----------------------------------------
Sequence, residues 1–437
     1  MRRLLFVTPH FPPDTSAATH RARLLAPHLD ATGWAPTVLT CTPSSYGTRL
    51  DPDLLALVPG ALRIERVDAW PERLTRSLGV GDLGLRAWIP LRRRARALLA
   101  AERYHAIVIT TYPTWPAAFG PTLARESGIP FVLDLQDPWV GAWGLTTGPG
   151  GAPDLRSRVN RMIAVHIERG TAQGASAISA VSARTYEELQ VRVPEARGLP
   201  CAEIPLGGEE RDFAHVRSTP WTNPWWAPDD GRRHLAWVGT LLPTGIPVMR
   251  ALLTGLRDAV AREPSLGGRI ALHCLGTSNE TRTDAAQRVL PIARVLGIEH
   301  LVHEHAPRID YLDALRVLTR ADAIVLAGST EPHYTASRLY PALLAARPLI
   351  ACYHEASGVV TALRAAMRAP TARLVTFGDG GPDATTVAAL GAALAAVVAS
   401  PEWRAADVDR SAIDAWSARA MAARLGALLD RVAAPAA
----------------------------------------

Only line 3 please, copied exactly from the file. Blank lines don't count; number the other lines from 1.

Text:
    51  DPDLLALVPG ALRIERVDAW PERLTRSLGV GDLGLRAWIP LRRRARALLA